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3 Questions Worth Asking to Find the Right Answer for You

“Sometimes questions are more important than answers.”  ~Nancy Willard

My twenties and thirties were an endless quest for “The Answer.” As if there were only one.

The one answer that would change everything. Make everything right. Make me happy.

What Didn’t Work

I searched high and low for answers. I'd read the latest book, hoping it held the key. I’d watch to see what others said and did, assuming they had the answers.

My M.O. was simple:  read, observe, imitate, emulate.

I was always searching outside myself.

Always thinking finding the “right” answer would hold the key to happiness and contentment.

I'd think, “This is it!” 

“This” being a new career, new city, new relationship, new wardrobe, or new hobby.

Inevitably, though, the proverbial bloom on the rose faded and whatever “this” had been became the latest thing that wasn't.

The problem was, I never did land on the right “answer.”  All my searching and seeking deceived and misled me.  Or more honestly:  I deceived and mislead myself with all my searching and seeking.

I couldn't understand why I kept getting the answer wrong. I was smart and resourceful. I was making an effort.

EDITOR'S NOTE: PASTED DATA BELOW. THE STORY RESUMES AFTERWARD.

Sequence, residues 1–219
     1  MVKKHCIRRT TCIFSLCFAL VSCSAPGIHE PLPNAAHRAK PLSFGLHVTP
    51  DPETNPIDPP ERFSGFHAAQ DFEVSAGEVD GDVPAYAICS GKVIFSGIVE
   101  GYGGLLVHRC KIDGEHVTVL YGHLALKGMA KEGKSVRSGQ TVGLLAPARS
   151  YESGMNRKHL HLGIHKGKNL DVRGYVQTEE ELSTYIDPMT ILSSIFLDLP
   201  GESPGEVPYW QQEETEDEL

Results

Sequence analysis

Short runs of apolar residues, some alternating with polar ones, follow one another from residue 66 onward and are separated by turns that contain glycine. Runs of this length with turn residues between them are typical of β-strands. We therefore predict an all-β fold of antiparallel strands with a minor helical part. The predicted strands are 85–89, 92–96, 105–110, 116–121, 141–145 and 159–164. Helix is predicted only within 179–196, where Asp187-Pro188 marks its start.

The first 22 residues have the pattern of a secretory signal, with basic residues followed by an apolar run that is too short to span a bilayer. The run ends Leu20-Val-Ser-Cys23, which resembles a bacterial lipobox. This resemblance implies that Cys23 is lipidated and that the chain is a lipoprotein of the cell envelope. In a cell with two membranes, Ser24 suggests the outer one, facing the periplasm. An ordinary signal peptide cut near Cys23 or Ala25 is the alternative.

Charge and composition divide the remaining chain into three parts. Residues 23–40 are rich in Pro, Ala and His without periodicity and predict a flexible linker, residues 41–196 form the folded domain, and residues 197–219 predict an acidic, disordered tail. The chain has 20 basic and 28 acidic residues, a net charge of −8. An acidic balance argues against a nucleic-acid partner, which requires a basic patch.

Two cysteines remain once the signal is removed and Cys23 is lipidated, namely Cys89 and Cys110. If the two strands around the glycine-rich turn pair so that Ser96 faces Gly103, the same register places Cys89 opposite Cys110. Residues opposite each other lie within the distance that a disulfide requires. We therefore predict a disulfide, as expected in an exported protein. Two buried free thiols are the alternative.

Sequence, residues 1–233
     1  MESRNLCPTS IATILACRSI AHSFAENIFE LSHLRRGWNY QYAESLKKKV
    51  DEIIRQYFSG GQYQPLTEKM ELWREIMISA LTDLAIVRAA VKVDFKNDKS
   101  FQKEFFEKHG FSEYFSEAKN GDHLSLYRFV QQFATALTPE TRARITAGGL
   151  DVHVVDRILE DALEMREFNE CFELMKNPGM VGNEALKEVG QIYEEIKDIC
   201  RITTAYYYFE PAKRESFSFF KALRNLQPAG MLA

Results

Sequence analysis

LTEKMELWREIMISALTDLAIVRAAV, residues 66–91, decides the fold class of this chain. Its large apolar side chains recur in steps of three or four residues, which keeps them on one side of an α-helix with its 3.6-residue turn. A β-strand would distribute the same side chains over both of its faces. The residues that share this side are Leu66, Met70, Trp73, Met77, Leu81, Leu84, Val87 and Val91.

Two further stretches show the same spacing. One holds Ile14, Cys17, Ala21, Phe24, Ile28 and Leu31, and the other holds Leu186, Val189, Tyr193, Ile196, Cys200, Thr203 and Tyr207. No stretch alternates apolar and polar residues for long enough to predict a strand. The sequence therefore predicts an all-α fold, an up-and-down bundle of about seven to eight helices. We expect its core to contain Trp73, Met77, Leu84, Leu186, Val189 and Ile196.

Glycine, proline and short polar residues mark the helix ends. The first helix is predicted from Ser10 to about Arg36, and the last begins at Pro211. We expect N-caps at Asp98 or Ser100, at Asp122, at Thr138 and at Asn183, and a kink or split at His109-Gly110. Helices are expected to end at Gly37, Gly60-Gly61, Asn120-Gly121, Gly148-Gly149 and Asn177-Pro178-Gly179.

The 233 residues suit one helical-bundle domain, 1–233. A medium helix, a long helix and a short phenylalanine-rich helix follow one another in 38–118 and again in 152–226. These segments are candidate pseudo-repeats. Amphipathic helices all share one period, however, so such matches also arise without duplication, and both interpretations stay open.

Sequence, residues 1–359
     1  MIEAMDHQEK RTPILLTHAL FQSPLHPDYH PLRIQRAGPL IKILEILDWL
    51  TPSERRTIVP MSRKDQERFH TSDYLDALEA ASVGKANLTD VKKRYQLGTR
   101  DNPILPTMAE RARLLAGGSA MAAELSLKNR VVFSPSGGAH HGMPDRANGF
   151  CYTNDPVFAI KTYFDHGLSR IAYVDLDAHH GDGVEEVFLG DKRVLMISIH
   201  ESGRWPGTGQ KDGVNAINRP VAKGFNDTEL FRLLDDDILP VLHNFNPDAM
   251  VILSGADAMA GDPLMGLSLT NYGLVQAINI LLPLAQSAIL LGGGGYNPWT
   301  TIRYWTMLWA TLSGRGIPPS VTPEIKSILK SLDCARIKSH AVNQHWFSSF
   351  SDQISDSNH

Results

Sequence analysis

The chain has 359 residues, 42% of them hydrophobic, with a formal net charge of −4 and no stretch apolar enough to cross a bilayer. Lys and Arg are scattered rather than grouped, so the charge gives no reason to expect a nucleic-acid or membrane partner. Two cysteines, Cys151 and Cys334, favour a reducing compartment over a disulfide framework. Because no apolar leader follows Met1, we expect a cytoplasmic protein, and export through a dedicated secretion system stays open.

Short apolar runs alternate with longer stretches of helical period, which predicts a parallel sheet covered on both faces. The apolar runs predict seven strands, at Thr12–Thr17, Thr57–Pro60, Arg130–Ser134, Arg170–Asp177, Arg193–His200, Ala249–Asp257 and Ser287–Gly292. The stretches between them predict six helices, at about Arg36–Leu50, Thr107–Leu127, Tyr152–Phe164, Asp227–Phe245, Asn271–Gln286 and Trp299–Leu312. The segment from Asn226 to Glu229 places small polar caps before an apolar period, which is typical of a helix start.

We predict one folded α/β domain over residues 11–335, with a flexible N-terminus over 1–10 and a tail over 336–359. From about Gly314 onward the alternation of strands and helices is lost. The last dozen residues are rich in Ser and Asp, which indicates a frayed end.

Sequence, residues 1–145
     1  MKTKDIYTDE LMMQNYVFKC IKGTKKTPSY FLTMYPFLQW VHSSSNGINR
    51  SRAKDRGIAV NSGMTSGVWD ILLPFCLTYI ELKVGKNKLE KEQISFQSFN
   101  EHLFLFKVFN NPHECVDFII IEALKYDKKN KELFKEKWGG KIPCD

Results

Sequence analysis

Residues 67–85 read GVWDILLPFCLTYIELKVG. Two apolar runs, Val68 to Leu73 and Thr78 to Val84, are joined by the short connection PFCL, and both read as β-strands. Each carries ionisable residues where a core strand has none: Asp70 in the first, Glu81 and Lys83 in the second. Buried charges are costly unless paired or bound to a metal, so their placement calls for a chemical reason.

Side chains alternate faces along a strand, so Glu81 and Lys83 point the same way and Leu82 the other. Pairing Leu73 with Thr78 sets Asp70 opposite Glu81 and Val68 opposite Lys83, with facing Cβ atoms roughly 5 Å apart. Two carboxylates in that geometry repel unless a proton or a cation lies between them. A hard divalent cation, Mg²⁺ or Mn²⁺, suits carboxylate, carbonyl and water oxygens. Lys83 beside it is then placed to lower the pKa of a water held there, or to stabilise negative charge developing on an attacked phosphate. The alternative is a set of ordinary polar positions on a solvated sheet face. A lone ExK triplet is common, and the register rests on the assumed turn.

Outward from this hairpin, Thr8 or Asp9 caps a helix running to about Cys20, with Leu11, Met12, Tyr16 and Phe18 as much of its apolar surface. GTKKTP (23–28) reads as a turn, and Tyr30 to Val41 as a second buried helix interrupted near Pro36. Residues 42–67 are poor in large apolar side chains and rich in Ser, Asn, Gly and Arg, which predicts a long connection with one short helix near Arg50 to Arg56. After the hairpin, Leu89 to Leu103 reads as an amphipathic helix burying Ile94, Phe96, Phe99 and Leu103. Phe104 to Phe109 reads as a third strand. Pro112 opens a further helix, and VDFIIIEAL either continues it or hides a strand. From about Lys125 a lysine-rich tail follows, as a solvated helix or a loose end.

Why didn't I seem to want what I thought I wanted? Why did my “answers” for happiness keep turning out to be wrong?

Shifting Focus

It was only years later I shifted my attention to a different part of the equation, and started to focus less on the answers and more on the questions.

And that has made all the difference.

It finally dawned on me: My answers were someone’s right answers, just not mine.

How did I come to this breakthrough?

I wish I could say it was an epiphany, which has a nice ring to it, but it didn’t have that kind of suddenness. Instead, it felt more like a wearing down and wearing away:

  • A wearing down of false assumptions, limiting beliefs, and habits that don’t serve me
  • A wearing away of others’ voices, people pleasing, shoulds, and have-tos

Asking questions of myself rather than focusing on answers I thought existed outside myself was new ground. Shaky and unfamiliar, it felt treacherous in the way the unknown and uncertain often feel. 

I realized once I started asking questions I wouldn't be able to “unknow” what I was going to find. Yes, perhaps a bit of light and exhilaration accompanied that thought, but trepidation was certainly there too.

I remember two cautionary, albeit unhelpful, thoughts running through my mind:

  • The devil you know is better than the one you don't.
  • Be careful—you can't put the genie back in the bottle.

What if I started asking questions of myself and even those answers were wrong? I wasn't sure there was a Plan B for that predicament.

Leaping to the Questions

In the end, I took the leap into the deep end of the question pool.

Once I made the decision to shift my focus to the question side of the equation, an intuitive part of myself came alive.

Before that moment, I was the last person to describe myself as intuitive. If someone asked, “What does your gut tell you?” or “What does your inner voice say?”, I'd nod my head like I knew what they were talking about, but really I was thinking, “What inner voice?  Beyond telling me I'm hungry, my gut doesn't speak to me.”